R (ClientEarth No.3) v Secretary of State for Environment, Food & Rural Affairs, Garnham J, 21 February 2018, judgment here
DEFRA has been found wanting again, in its latest attempt to address nitrogen dioxide in air. This is the third time. Yet DEFRA’s own analysis suggests that some 23,500 people die every year because of this pollutant.
I have told the story in many posts before (see list at bottom), but the UK has been non-compliant with EU Directive 2008/50 on nitrogen dioxide (et al) since 2010. The Directive requires that the period in which a state is obliged to remedy any non-compliance is to be “as short as possible”: Article 23.
We have now had 3 Air Quality Plans, the first produced in 2011 and quashed in 2015, and the second produced later in 2015, declared unlawful by Garnham J in November 2016.
The third, in this judgment, was dragged out of DEFRA in July 2017, after various attempts to delay things.
So why was it decided to be unlawful?
The reasons are fairly technical. They focus on the different measures addressed by the Plan to various categories of local authorities with air pollution exceedances.
Category 1 concerns 6 cities, London, Birmingham, Derby, Leeds, Nottingham and Southampton. Category 2 concerns 23 local authorities, who were required to produce their own initial plans by March 2018, and final ones by December 2018. Category 3 concerns 45 further local authorities who were not required to produce a feasibility study.
These 45 areas in Category 3 were expected to come into compliance at various times between 2018 and 2021, but all are categorised together – the judge’s central complaint.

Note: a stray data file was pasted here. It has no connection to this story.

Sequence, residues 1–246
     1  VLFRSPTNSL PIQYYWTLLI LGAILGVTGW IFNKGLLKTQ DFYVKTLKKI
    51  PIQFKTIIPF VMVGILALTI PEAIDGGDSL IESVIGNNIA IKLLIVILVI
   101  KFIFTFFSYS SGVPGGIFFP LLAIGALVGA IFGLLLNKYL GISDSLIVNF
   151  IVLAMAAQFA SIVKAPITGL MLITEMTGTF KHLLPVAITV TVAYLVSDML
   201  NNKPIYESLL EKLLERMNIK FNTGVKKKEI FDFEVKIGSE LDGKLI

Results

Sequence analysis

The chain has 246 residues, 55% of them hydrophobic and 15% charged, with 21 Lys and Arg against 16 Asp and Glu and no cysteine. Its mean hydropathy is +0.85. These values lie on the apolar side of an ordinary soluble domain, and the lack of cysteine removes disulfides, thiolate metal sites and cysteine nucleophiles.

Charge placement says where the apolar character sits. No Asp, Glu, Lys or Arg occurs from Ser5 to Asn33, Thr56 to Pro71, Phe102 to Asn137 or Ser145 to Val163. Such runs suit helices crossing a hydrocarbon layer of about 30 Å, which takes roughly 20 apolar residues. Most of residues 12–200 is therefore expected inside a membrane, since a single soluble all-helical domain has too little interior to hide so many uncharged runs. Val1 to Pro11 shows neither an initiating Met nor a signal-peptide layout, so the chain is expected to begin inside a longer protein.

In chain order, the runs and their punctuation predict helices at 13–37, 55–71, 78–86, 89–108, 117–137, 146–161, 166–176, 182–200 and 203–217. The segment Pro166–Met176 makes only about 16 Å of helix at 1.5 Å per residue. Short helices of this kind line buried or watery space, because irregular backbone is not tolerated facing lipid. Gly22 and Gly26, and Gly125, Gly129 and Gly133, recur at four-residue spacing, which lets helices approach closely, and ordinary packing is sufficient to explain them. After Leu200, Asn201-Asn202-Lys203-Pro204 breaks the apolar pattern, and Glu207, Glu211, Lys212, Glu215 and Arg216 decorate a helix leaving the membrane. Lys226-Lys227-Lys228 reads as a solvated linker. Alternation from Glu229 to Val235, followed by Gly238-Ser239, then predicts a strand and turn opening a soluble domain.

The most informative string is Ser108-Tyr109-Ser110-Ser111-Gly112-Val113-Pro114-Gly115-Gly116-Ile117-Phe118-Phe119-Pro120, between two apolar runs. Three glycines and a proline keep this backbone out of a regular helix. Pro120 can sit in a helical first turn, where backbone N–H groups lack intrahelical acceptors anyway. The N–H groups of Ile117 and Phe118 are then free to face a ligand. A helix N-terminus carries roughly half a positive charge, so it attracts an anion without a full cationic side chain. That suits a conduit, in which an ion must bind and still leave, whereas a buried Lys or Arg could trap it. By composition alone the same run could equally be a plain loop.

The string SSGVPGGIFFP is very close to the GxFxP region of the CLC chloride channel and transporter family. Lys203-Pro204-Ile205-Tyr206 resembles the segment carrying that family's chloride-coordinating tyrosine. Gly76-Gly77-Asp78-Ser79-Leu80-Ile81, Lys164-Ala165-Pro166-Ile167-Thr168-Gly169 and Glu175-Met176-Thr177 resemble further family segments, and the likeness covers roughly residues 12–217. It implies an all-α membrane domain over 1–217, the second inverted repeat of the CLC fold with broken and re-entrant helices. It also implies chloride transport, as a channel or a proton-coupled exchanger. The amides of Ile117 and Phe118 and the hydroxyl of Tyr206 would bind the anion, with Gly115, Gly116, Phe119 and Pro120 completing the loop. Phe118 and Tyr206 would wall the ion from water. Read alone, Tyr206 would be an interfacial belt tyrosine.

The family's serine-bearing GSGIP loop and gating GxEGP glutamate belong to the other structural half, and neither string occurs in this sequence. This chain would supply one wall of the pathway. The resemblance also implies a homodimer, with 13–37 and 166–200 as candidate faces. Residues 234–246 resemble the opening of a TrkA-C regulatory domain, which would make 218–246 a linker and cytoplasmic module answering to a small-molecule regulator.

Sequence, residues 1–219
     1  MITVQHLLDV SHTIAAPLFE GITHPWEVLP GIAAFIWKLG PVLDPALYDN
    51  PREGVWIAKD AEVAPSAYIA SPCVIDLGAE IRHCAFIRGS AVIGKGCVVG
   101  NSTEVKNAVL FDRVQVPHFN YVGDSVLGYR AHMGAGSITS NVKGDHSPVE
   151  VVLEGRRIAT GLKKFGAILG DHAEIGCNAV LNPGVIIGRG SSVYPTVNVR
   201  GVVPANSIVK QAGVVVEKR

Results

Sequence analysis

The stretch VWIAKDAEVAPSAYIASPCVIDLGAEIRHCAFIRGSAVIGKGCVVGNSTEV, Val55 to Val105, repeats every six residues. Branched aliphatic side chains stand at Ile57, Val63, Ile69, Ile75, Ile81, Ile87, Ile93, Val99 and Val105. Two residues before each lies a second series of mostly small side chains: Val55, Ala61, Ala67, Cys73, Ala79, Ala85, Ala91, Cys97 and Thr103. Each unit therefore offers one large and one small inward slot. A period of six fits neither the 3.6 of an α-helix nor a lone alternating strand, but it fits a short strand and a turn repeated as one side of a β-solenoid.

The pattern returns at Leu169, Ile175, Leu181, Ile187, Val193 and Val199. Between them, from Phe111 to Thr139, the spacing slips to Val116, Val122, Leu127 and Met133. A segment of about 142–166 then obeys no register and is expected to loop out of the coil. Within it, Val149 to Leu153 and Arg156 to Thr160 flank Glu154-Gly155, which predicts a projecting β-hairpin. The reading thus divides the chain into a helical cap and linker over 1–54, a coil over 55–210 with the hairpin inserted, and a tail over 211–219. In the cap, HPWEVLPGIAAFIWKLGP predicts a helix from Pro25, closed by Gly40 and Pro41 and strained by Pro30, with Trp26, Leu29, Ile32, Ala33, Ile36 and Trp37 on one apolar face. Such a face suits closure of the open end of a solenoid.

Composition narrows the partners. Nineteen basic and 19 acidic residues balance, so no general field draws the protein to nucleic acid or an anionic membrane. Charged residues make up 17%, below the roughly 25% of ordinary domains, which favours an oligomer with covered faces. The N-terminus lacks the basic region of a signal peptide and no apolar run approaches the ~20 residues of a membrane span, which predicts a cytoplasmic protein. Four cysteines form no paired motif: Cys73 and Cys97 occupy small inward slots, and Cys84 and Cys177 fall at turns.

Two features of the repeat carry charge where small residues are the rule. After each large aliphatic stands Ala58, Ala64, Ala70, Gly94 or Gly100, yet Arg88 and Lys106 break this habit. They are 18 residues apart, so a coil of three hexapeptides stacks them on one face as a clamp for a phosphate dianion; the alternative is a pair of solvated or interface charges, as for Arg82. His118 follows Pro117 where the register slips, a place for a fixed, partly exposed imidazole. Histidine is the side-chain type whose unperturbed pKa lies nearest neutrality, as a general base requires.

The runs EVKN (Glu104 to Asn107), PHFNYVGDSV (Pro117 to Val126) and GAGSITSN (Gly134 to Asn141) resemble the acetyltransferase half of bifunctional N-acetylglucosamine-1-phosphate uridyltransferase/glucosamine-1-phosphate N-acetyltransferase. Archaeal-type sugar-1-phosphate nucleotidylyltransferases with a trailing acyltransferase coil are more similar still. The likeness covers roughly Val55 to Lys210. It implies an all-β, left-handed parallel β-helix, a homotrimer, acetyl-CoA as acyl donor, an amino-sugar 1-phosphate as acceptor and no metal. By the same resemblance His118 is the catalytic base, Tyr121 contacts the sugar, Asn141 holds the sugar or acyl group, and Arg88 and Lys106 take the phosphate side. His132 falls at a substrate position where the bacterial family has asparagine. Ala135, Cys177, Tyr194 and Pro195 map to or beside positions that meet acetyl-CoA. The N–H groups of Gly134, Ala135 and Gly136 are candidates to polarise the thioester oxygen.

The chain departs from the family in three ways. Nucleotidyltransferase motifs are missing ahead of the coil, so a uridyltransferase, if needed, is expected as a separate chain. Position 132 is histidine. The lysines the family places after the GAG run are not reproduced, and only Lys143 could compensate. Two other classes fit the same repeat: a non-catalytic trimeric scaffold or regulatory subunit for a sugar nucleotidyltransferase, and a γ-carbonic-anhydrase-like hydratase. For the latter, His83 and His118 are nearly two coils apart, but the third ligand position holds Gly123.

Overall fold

The big acronyms in this area are CAZ (Clean Air Zones) and CCAZ (Charging CAZs).
Cue Garnham J’s central conclusion on the Category 3 45 areas at 
But where, in my judgment, the Government’s plan is flawed, and seriously flawed, is in its application of the 3 year benchmark to the 45 local authority areas where compliance is anticipated within 3 years in any event. Plainly, it would be pointless to require these local authorities to embark on the expensive and time consuming enterprise of establishing a CAZ in an area where compliance will be achieved within the same period without a CAZ. But the Government cannot sensibly, or lawfully, substitute the application of its benchmark, however rational in respect of areas where a CAZ is the most efficacious solution, for the requirements of the Directive and the Regulations in areas where it is not
This was because the Article 23 obligation is specific to each and every zone or agglomeration. Every area with an exceedance requires a plan for that area.
So the Secretary of State
must aim to achieve compliance by the soonest date possible; he must choose a route to that objective which reduces exposure as quickly as possible; and that he must take steps which mean meeting the value limits is not just possible, but likely.
And that applies to every zone, not a lumping of all exceedances into a lesser category applicable to all 45 areas.
As Garnham J pointed out, this was really a resuscitation of an argument he had dismissed in November 2016, namely that this was a “proportionate” response to the problem. Proportionate is a weasel word these days, but in this context the judge said it only applied
in the sense of being no more than is required to meet the target.
But you do have to hit the target as soon as possible, not say that you cannot afford to.
In Categories 1 and 2, there are statutory directions requiring local authorities to prepare a full business case for their areas to be submitted to DEFRA – with a suitable enforcement mechanism. Contrast the 45 in Category 3, no enforcement mechanism, with some letters sent in November 2017 and 19 January 2018 (a week before the hearing!) exhorting the 45 to come up with proposals. This was held not to be enough.
The judge also upheld a complaint about the lack of detailed information in the Plan necessary to comply with the Directive in respect of the 45.